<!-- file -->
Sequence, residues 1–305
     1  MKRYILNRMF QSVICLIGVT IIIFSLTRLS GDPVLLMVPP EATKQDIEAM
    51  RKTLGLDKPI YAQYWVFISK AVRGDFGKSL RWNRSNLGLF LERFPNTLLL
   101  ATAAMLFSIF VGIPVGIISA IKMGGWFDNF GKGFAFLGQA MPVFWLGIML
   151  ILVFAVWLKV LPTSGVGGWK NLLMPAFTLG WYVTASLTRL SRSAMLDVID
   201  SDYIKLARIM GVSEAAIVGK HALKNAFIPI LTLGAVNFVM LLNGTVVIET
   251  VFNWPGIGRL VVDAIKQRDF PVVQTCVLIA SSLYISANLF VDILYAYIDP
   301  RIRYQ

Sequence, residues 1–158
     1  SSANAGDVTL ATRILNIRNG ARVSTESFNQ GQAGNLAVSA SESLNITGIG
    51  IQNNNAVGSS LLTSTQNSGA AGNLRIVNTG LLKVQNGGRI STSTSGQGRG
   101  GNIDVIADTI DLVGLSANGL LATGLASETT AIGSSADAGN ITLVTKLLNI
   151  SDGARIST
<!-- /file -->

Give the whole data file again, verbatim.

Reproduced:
Sequence, residues 1–305
     1  MKRYILNRMF QSVICLIGVT IIIFSLTRLS GDPVLLMVPP EATKQDIEAM
    51  RKTLGLDKPI YAQYWVFISK AVRGDFGKSL RWNRSNLGLF LERFPNTLLL
   101  ATAAMLFSIF VGIPVGIISA IKMGGWFDNF GKGFAFLGQA MPVFWLGIML
   151  ILVFAVWLKV LPTSGVGGWK NLLMPAFTLG WYVTASLTRL SRSAMLDVID
   201  SDYIKLARIM GVSEAAIVGK HALKNAFIPI LTLGAVNFVM LLNGTVVIET
   251  VFNWPGIGRL VVDAIKQRDF PVVQTCVLIA SSLYISANLF VDILYAYIDP
   301  RIRYQ

Sequence, residues 1–158
     1  SSANAGDVTL ATRILNIRNG ARVSTESFNQ GQAGNLAVSA SESLNITGIG
    51  IQNNNAVGSS LLTSTQNSGA AGNLRIVNTG LLKVQNGGRI STSTSGQGRG
   101  GNIDVIADTI DLVGLSANGL LATGLASETT AIGSSADAGN ITLVTKLLNI
   151  SDGARIST